Museum of the Yiddish Theatre


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Rolland Theatre
1768 St. Johns Place, Brooklyn, NY

This production opened on December 22, 1933.

(The Rabbi's Temptation)

by Shlomo Steinberg, music by Sholom Secunda.
review by Lazar Fogelman, published on December 29, 1933.


In the Rolland Theatre Aaron Lebedeff is not playing in Shlomo Steinberg's operetta with the name of "The Rabbi's Temptation," with music by Sholom Secunda.

From the name itself, one can easily guess that we are dealing with a Hasidic world, which is not painted with too-light colors and which is not sung with special praise songs. When they speak about a rabbi's "temptation," they don't mean his desire to learn, or of the next world, but they mean his sinful desire, his simple desire for this world.

An old Hasidic rabbi, R' Nisele, a gray-green widower, is looking forward to marrying in his old age, with Tsirele, the young, beautiful daughter of Gedaliah the tailor. The same girl, however, is very much in love with the rabbi's son, a tsadik, who escaped secretly from the yeshiva and became a helper for Gedaliah the tailor, of course, all because of Tsirele.

In the time when the rabbi, the Olam Haza'nik, prepares to test his marriage with the tailor's daughter, and when he dreams after that about the happy moments that he will experience with her, his clever son Itzik works out a bitter plan, how to destroy his father's delayed love dreams. He includes the swearing against the father, the rabbi's gabai and the bride herself, and together with them he destroys the father's wedding on the very day of the wedding ceremony.

He thinks of a libel, that the bride must first become a mother; and the rabbi loves his "temptation"; he barely shakes off the sinful girl with whom Itzik alone then marries, to the rabbi's great surprise.

About the content of the operetta, one can see that it has in it quite a bit of peppery moments; but the author and the director have made such sharp moments and scenes even more peppery. People keep talking about the rabbi's delayed and impotent desire for the young girl; people make fun of it. The sinful rabbi pours out sweat every time he approaches the girl. They don't make various hints, they wink too mischievously with their eyes on the rabbi. And a strange, unhealthy mood is created in the theatre momentarily, a mood that is often felt in a burlesque theatre.

But at the same time we see for ourselves in the new operetta interesting scenes and images that could be turned into artistic scenes, when they are carried out in the right way. 

There is, for example, an interesting scene where the Hasidim renew the moon. If the scene would have been performed in half-dark lighting, with quiet singing, with the necessary movements, it would have created a good mood in the theatre. However, it was staged with a sharp, cutting movements and with screams, and the effect is lost.

The same is also with the first interesting scene, where the tailor-apprentices are working and by the way singing folk songs. Also here too, the right mood was not created, which could have been created if the light effects and the necessary lighting were used correctly.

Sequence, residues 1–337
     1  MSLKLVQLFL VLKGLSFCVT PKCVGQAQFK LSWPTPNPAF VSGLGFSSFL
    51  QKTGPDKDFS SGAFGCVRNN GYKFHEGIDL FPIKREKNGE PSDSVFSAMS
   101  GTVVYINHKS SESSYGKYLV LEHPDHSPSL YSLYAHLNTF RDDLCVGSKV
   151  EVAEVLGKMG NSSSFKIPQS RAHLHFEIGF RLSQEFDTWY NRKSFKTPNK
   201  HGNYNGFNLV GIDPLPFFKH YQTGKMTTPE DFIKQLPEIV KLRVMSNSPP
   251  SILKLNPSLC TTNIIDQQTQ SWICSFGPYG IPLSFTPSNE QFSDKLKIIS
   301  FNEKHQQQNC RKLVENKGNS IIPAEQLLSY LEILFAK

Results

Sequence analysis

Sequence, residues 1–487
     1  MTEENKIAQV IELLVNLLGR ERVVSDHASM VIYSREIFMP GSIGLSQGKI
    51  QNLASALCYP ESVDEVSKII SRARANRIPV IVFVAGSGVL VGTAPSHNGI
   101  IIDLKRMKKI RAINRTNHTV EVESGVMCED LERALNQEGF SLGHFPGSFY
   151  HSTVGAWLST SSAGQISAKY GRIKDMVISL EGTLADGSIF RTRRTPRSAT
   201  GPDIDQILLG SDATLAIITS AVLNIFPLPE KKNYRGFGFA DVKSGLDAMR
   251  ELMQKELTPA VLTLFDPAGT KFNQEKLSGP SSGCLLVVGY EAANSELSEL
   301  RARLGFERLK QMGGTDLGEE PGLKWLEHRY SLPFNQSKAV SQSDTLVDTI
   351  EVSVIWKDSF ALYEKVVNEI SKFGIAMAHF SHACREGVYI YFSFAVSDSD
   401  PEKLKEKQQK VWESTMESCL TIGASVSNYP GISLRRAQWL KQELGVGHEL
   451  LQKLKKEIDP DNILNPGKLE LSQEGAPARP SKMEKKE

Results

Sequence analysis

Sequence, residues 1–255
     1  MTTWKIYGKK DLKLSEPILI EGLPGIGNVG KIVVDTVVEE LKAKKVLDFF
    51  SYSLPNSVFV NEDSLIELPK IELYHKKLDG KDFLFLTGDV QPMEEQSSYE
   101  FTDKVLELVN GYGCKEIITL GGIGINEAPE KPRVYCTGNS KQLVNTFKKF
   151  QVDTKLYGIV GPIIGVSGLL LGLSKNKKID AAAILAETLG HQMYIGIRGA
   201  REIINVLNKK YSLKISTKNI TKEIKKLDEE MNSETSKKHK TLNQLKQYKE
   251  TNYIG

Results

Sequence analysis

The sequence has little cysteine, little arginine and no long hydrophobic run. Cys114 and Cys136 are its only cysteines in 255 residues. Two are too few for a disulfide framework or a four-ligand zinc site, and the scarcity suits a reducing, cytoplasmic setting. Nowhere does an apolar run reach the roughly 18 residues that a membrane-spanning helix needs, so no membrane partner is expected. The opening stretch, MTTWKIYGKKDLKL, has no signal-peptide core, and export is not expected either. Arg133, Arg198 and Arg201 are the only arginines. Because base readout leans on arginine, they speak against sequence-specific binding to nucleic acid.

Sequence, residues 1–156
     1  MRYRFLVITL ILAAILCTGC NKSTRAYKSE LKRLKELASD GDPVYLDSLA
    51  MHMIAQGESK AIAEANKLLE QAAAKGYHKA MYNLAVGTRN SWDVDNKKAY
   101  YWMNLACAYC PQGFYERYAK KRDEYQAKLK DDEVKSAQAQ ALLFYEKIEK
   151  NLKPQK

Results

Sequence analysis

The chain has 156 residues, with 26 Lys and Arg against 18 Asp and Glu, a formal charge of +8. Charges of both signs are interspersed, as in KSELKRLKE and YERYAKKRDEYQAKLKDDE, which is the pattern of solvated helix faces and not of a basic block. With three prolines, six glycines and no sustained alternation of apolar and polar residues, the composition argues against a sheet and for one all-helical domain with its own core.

The general furnishings of the operetta is not bad at all, and there are some quite impressive images and scenes.

Secunda's music here is a guess; he generally has a feeling for folk-motifs, and he weaves them together in a successful way in the operetta.

Several melodies, although far from original, are very pleasing, and they are easily remembered, for example, the songs "Forget Me Not," and "Vi a khoylem vi a feyl fun boygen" have in them a melodic charm.

Israel Rosenberg's lyrics here are better than the average lyrics of an operetta.

And the acting of one participant is better this time than when it is different.

Jacob Zanger, as if exaggerating is not in his performance, has created here with sharp strokes a comic type of an alert, temperamental high gabbai, in whom the soul does not rest. He often falls into a burlesque tone, a farce, but when can such a type be taken seriously in an operetta? It's just a fun, light act, no more, and he's quite restrained in his light playfulness.

A little lighter is Abraham Lax in the role of the shemash, but also he shows here humor and fun.

Lucy Levine here, perhaps, she is a bit too spoiled to be the daughter of a tailor; but every time it is pleasant to see and to hear her on the stage, even when the type that she portrays, does not mean as much as we may imagine.

The rabbi's outward appearance gives Leon Blank, his handsome, dignified appearance, his haughty face, but it is too spiritual for his clumsy, earthly passion. And his movements are a bit too lively, too much for such an old Hasidic rabbi.

Aaron Lebedeff plays, you see, the young Itzik, the rabbi's son. Here he is the same smart happy young guy as in other such young roles that he has played. And entirely touching is Bertha Hart in the role of the presiding maid, the rabbi's niece.

Henrietta Jacobon here doesn't have much to play, but in the few moments she is lively and cheerful, and she amuses the audience.

The audience accepts the rabbi's "temptation" very warmly; they laugh for the rabbi; they laugh from the jokes and words; people still follow the exciting scenes with interest and the sentimental religious melodies.

And when the curtain falls, the romantic song still rings in the ears: "Forget Me Not! Forget Me Not!"





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